Akenzua II

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Akenzua II
Oba Akenzua II, 1936 0327.0008.jpg
Oba of Benin
Reign1933 – 1978
Coronation5 April 1933
PredecessorEweka II
SuccessorErediauwa
BornGodfrey Edokparhogbuyunmwun Basimi Eweka[1]
January 7, 1899
DiedJune 11, 1978 (aged 79)

Omo n'Oba n'Edo Uku Akpolokpolo, Akenzua II (January 7, 1899–June 11, 1978) was the Oba of Benin (traditional leader of the Edo people, in Nigeria) from 1933 until his death in 1978.

Akenzua II was enthroned as Oba of Benin in April 1933 following the death of his father, Eweka II (r.1914 – 1933) in February that year.[2]

Oba Akenzua II was dedicated to the provision of western education for his subjects, the Edo people.[1]

In 1936, he began the movement to return to Nigeria the Benin Bronzes looted from the royal compounds and ancestral altars in the punitive Benin Expedition of 1897. During his reign, only two of the 3,000 royal court bronzes were returned. However, two coral crowns and coral bead garment, thought to have belonged to Ovonramwen, were returned to him in the late 1930s by G.M. Miller a son of a member of the Benin expedition, who had loaned the pieces to the British Museum in 1935.[3]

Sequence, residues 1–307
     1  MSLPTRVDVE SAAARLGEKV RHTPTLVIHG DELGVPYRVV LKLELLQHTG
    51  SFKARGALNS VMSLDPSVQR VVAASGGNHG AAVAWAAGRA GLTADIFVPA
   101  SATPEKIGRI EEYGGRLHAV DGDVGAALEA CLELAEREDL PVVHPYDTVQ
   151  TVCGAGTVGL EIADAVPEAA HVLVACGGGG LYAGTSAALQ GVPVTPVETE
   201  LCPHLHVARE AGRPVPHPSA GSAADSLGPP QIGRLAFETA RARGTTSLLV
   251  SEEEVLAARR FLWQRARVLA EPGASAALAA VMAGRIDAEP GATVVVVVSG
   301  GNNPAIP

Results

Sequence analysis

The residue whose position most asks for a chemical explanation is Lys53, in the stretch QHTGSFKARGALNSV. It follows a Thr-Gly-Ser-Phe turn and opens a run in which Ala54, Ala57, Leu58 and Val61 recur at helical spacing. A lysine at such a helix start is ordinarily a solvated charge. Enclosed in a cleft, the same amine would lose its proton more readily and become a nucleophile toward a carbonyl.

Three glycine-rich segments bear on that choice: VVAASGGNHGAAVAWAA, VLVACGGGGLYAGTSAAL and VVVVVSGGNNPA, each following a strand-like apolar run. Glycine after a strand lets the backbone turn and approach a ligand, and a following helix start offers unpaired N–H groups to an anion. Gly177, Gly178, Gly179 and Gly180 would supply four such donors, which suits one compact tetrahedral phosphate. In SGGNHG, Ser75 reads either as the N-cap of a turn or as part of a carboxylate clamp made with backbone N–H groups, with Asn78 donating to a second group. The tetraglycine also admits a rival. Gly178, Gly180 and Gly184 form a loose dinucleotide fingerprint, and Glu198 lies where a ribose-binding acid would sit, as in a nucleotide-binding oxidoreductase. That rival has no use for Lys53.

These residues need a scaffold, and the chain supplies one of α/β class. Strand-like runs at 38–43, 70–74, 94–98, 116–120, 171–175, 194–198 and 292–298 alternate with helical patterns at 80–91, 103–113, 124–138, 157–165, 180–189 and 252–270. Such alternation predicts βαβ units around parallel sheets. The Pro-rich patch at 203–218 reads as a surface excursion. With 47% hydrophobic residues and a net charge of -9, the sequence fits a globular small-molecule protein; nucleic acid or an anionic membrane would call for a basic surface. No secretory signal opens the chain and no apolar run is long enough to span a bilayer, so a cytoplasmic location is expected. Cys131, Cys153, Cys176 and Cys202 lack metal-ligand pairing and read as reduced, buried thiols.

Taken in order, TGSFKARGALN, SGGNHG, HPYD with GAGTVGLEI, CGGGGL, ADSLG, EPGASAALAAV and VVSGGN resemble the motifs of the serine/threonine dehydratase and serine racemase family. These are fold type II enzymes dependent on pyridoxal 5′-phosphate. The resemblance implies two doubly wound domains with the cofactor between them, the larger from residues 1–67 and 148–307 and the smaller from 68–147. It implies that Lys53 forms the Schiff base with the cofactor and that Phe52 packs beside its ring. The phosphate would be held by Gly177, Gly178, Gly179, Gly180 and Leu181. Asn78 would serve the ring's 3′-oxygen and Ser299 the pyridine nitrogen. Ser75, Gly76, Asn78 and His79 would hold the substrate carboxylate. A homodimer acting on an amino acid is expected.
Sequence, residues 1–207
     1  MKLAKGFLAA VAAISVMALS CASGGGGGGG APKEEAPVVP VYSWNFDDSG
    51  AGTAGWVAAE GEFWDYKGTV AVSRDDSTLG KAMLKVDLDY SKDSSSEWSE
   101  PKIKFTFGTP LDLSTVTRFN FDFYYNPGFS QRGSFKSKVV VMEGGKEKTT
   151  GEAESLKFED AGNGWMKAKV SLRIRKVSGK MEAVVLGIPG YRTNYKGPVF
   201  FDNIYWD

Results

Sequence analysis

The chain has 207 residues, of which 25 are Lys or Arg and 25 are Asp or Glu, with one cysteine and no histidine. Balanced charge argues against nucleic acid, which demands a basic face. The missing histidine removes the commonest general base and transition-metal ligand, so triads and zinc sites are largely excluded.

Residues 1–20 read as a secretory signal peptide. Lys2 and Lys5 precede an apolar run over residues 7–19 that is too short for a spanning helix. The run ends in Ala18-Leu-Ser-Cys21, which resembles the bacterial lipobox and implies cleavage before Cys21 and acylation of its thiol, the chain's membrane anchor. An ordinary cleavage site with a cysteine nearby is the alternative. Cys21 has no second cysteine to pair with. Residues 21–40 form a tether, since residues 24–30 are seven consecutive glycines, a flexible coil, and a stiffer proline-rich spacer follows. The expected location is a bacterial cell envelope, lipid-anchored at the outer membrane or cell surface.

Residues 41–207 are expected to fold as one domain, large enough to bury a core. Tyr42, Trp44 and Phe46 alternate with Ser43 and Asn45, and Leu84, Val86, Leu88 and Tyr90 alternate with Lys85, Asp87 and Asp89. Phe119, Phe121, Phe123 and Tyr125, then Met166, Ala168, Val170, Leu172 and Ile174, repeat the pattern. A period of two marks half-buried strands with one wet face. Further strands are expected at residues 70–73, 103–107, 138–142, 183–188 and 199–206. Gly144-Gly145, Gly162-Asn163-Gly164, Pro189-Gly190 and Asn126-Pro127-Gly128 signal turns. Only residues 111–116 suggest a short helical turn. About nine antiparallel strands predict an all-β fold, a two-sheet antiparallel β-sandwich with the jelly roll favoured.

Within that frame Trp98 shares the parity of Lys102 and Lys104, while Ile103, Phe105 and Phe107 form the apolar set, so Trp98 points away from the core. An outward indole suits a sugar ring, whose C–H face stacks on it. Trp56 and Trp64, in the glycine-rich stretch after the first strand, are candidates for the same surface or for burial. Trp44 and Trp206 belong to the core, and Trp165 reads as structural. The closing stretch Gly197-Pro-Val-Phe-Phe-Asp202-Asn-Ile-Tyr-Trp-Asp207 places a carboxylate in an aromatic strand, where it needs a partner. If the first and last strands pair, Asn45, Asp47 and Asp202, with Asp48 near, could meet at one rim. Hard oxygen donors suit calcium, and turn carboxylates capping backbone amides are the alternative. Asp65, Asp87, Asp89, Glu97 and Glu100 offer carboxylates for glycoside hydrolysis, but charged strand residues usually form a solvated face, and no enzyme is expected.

Oba Akenzua II died on June 11, 1978, when he was succeeded by his son, then Prince Solomon, who took on the title of Oba Erediauwa and duties as the traditional leader of the Edo people in Benin City, Nigeria.[4]

Family[edit]

In 1923 his first son was born Prince Solomon Aiseokhuoba Igbinoghodua Akenzua[5], whose chosen title was founded on the name Ere, relating to Oba Eresonye who is traditionally considered to be an incredibly wealthy Oba.[1]

See also[edit]

References[edit]

  1. ^ a b c "The Benin monarchy". National Daily Newspaper. 22 December 2016. Retrieved 5 April 2017.
  2. ^ The Crisis Publishing Company, Inc (July 1933). "AFRICA". The Crisis. 40 (7): 159. Retrieved 11 March 2017.
  3. ^ Plankensteiner, Barbara (2016). "The Benin Treasures: difficult legacy and contested heritage". In Hauser-Schäublin, Brigitta; Prott, Lyndel V. Cultural Property and Contested Ownership: The Trafficking of Artefacts and the Quest for Restitution. Routledge. ISBN 9781317281832.
  4. ^ http://www.edo-nation.net/osawe1.htm
  5. ^ Uche, Atuma (30 April 2016). "Life and times of Oba Erediauwa – - The Sun News". - The Sun News. Retrieved 29 August 2018.

External links[edit]